Others say "not so fast"
The food hall phenomenon has officially transcended trendiness according to Eater. Eataly paved the way for a new kind of food hall that seems to becoming pervasive. And before that Rich Melman gave us Foodlife in downtown Chicago in 1993 which is gowing strong and expanding. The number of food halls in the U.S. grew by 37 percent in 2016 — there are now more than 100 of them scattered across the country — and that figure is predicted to double by 2019, according to data from commercial real estate firm Cushman & Wakefield as cited by the Wall Street Journal.
A food hall is variety of mini-restaurants and retail food vendors under one roof. Think of the food court in shopping malls back in the 1990s – but bigger, better and more upscale food offerings.
Fast casual restaurants are in trouble as sales after 6 years of growth have stalled and as rents and wages rise and many are turning to grocerants or meal kits.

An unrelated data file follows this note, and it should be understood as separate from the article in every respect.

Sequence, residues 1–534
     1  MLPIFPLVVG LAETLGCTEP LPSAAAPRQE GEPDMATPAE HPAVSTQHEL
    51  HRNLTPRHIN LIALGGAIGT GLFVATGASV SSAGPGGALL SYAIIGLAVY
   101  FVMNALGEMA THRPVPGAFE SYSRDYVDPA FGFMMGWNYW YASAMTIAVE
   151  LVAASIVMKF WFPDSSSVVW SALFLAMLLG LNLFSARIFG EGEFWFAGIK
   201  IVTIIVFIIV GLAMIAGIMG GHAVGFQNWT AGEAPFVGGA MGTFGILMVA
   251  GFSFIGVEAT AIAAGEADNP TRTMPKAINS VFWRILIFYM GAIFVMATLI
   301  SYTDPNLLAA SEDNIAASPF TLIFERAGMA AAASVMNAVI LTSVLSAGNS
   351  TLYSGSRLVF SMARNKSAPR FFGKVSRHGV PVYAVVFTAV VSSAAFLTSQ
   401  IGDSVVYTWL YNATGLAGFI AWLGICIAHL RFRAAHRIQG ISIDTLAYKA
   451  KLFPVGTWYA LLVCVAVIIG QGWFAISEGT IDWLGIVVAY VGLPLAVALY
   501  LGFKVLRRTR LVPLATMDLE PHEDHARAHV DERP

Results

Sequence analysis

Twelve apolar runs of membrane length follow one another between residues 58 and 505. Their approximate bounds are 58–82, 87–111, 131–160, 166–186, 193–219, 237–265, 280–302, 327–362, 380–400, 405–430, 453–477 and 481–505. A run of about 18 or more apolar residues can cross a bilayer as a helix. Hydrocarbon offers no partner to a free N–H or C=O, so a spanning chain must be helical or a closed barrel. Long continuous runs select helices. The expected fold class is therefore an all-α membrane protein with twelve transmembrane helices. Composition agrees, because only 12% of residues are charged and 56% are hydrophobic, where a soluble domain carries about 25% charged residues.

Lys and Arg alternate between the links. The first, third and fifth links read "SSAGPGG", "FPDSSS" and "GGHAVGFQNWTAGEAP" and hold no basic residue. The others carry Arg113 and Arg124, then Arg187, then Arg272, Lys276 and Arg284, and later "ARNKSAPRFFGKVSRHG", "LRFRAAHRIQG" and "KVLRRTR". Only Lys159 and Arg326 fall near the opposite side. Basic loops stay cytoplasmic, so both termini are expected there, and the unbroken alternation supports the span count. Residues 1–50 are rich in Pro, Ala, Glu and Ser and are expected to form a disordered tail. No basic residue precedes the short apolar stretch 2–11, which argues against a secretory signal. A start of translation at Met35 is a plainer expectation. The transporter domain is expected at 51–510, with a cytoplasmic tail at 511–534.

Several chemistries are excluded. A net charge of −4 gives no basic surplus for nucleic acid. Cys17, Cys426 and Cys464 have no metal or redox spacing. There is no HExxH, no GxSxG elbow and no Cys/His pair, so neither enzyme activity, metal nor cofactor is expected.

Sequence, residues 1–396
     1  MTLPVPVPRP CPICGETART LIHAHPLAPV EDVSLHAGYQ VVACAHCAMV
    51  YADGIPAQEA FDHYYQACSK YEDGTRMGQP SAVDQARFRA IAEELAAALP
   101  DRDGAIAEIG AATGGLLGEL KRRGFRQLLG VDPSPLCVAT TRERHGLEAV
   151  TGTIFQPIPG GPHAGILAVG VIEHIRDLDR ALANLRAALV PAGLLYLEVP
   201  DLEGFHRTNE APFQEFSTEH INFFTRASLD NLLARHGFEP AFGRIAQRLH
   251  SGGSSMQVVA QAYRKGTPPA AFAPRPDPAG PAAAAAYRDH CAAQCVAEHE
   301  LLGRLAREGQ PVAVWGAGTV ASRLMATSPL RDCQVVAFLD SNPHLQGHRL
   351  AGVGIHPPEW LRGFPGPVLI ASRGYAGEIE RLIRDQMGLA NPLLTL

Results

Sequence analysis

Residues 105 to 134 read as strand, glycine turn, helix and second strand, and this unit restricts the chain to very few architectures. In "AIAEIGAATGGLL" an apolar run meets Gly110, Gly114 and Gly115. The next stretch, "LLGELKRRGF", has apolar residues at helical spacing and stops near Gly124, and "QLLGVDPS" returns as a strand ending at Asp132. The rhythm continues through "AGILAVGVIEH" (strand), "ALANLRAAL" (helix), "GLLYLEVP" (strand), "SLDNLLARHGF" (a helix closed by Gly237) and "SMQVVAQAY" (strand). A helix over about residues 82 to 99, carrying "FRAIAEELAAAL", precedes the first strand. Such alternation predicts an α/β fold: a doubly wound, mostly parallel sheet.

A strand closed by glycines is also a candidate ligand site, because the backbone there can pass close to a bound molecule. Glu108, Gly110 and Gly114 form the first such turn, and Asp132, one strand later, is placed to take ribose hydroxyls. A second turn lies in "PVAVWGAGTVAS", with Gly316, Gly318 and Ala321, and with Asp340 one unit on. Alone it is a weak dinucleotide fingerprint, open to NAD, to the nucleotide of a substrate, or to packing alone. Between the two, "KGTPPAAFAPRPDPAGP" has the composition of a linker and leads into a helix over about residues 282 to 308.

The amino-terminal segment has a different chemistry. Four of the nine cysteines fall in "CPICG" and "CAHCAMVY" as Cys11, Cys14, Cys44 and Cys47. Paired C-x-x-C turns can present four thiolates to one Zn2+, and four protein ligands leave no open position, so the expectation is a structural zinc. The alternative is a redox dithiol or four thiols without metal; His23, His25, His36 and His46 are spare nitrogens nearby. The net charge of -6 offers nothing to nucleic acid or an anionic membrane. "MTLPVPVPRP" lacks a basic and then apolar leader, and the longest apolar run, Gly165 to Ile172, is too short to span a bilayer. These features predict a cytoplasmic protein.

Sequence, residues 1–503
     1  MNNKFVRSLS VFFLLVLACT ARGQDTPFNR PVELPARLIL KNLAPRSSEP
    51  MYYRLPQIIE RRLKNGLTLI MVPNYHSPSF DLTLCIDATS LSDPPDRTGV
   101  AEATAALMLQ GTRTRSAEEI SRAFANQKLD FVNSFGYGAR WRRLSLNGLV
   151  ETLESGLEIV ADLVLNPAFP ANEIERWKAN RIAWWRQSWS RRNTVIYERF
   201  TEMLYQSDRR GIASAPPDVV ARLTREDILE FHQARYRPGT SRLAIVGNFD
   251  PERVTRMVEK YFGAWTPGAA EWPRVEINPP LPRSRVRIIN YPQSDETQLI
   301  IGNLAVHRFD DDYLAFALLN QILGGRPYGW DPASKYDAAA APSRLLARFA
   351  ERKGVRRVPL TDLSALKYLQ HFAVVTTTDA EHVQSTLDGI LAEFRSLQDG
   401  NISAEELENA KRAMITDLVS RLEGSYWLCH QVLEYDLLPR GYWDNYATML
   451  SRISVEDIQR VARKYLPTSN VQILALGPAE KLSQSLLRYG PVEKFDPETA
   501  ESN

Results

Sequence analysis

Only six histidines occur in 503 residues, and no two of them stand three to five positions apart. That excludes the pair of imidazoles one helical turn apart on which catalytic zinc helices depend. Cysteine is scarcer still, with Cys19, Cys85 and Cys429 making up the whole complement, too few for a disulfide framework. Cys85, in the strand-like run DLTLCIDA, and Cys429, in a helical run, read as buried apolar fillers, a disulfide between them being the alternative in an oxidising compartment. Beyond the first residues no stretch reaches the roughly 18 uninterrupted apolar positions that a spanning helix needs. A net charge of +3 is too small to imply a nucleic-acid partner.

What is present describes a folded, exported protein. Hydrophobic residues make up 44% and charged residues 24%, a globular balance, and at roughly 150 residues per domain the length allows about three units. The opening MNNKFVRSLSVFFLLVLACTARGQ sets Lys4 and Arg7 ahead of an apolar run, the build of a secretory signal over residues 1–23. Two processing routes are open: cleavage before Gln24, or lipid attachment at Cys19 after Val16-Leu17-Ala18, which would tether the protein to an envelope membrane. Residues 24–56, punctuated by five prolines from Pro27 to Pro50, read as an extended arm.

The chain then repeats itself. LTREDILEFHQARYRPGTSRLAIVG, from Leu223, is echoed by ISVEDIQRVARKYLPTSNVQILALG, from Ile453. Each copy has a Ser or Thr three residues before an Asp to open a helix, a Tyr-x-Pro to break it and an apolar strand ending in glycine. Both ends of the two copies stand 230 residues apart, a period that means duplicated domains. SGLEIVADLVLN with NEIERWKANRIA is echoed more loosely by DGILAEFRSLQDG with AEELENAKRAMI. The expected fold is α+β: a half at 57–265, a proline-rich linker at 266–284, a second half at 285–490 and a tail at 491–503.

We love food halls. They are fun, exciting, offer us different foods so each person gets what they want vs. a stilted menu where each restaurant concept seems to be a mirror of one another. Anyone want that $9 burger?
So why is there this talk that food halls are over?
New York Post food critic Steve Cuozzo recently wrote that “having too many of them, serving too many of the same things, is diluting their one-time specialness.” And Eater reports that while many food hall projects get a boost from satellite locations of famous purveyors — think Brooklyn’s famous pizzeria DiFara, or legendary Katz’s Delicatessen — some critics say these offshoots can be lacking in quality compared to the originals.
One of the food halls I am most anxious to visit is Bourdain Market, in NYC where Anthony Bourdain will curate foods from street vendors from across the globe.